GM Recalling Nearly 6 Million Vehicles Over Eternal Takata Scandal

Matt Posky
by Matt Posky

As sure as the sun rises in the morning, we can always count on the Takata airbag recall adding new vehicles to its ranks. General Motors is poised to add another 5.9 million vehicles to the list after the National Highway Traffic Safety Administration issued an announcement on Monday.

Regulators stated that the automaker will be obligated to recall SUVs and pickup trucks (GMT900 vehicles) manufactured between 2007 and 2014 because the installed airbag inflators suffer from the classic Takata trait of being extremely dangerous. While the defect itself is relatively rare, the number of vehicles involved is staggering. Around 100 million inflators have been recalled by 19 major automakers around the world, and the resulting failure is often devastating. Units, especially those exposed to high levels of heat and humidity, can rupture ― causing an explosion that sprays metal fragments all over the cabin. There have been 18 known fatalities relating to the issue in the United States alone.

Most of those took place inside Honda vehicles, with the rest being split between Ford and BMW. While GM has been fatality-free, it’s also come under increasing scrutiny for attempting to avoid recalls by petitioning the NHTSA on multiple occasions.

“Although we believe a recall of these vehicles is not warranted based on the factual and scientific record, NHTSA has directed that we replace the [ammonium nitrate] airbag inflators in the vehicles in question,” GM said in a statement. “Based on data generated through independent scientific evaluation conducted over several years, we disagree with NHTSA’s position. However, we will abide by NHTSA’s decision and begin taking the necessary steps.”

The recall covers GM full-size pickup trucks and SUVs, including the Chevrolet Silverado, Suburban, Tahoe, Avalanche, Cadillac Escalade, GMC Sierra, and Yukon. General Motors estimates it will cost around $1.2 billion, which will be over a quarter of its net income this year. Another 1 million vehicles will also need to be recalled globally, bringing the grand total up to 7 million units. GM has 30 days to provide the NHTSA with a proposed schedule for notifying vehicle owners ahead of the U.S. recall.

[Image: General Motors]

Matt Posky
Matt Posky

A staunch consumer advocate tracking industry trends and regulation. Before joining TTAC, Matt spent a decade working for marketing and research firms based in NYC. Clients included several of the world’s largest automakers, global tire brands, and aftermarket part suppliers. Dissatisfied with the corporate world and resentful of having to wear suits everyday, he pivoted to writing about cars. Since then, that man has become an ardent supporter of the right-to-repair movement, been interviewed on the auto industry by national radio broadcasts, driven more rental cars than anyone ever should, participated in amateur rallying events, and received the requisite minimum training as sanctioned by the SCCA. Handy with a wrench, Matt grew up surrounded by Detroit auto workers and managed to get a pizza delivery job before he was legally eligible. He later found himself driving box trucks through Manhattan, guaranteeing future sympathy for actual truckers. He continues to conduct research pertaining to the automotive sector as an independent contractor and has since moved back to his native Michigan, closer to where the cars are born. A contrarian, Matt claims to prefer understeer — stating that front and all-wheel drive vehicles cater best to his driving style.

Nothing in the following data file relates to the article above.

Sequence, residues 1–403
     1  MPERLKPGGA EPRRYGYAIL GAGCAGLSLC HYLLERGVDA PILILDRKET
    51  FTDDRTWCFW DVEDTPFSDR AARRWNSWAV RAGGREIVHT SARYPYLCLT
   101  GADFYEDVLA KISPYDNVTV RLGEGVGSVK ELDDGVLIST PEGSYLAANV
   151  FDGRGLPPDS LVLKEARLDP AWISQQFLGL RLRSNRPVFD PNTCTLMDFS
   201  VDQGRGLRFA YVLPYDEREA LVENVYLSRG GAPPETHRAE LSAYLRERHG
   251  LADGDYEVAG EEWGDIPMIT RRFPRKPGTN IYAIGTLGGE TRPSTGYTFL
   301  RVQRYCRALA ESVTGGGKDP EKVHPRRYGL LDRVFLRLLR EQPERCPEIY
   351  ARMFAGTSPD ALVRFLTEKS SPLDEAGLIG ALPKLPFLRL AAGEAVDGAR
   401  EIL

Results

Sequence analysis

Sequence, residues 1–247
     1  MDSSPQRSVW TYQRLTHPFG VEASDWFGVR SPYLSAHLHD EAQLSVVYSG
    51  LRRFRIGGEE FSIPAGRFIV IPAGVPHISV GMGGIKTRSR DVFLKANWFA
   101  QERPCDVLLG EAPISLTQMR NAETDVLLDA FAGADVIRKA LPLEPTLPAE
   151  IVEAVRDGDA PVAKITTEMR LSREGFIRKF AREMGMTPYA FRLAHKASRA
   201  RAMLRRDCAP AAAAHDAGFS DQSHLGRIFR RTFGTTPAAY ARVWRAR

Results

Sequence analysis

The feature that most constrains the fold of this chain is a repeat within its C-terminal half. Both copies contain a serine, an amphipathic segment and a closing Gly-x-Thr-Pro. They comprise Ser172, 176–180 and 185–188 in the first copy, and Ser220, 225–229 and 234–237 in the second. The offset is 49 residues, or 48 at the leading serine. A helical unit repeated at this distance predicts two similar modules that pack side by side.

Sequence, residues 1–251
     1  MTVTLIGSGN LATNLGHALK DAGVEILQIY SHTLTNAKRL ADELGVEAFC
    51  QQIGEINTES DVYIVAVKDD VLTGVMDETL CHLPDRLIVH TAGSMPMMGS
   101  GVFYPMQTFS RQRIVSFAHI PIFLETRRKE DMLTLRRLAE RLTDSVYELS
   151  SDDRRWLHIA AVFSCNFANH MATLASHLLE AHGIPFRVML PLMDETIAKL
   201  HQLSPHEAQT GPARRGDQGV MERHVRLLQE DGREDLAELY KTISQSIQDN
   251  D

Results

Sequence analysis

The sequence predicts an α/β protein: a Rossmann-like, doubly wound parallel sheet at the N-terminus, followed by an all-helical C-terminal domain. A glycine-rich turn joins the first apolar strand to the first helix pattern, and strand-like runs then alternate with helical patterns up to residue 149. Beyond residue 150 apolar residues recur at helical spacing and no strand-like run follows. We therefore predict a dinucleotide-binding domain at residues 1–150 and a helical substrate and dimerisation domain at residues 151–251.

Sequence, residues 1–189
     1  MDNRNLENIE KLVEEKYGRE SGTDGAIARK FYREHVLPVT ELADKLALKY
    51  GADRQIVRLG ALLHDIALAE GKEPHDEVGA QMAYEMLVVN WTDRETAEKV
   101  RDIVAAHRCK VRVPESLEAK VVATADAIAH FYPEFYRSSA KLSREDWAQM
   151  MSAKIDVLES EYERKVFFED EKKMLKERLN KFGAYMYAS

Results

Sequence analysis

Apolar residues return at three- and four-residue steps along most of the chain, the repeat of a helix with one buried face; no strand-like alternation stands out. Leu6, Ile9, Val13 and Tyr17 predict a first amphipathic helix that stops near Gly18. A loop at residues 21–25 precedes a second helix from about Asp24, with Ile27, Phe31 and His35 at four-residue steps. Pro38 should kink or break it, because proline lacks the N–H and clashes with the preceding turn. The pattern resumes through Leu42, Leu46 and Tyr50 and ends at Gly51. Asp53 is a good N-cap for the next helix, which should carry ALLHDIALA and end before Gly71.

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  • Schmitt trigger Schmitt trigger on Nov 23, 2020

    Ralph Nader, where art thou?

  • DenverMike DenverMike on Nov 23, 2020

    Just remove the whole mess. I'll pay extra. After 10 to 15 years or ownership, I don't want ANY live bombs in my car (or anywhere). That's if I bought it new and know its history.

    • Whynotaztec Whynotaztec on Nov 24, 2020

      You raise an interesting point - is there such a thing as airbag system shelf life? I had a 92 miata that I sold at 23 years of age, and I often wondered about the driver airbag.

  • Redapple2 Another bad idea from the EVIL gm Vampire.
  • Daniel J Alabama is a right to work state so I'd be interested in how this plays out. If a plant in Alabama unionized, there are many workers who's still oppose joining and can work.
  • ToolGuy This guest was pretty interesting.
  • NJRide So this is an average age of car to be junked now and of course this is a lower end (and now semi-orphaned) product. But street examples seem to still be worth 2500? So are cars getting junked only coming in because of a traumatic repair? If not it seems a lot of cars being junked that would still possibly worth more than scrap.Also Murilee I remember your Taurus article way back what is the king of the junkyard in 2024?
  • AMcA I applaud Toyota for getting away from the TRD performance name. TuRD. This is another great example of "if they'd just thought to preview the name with a 13 year old boy."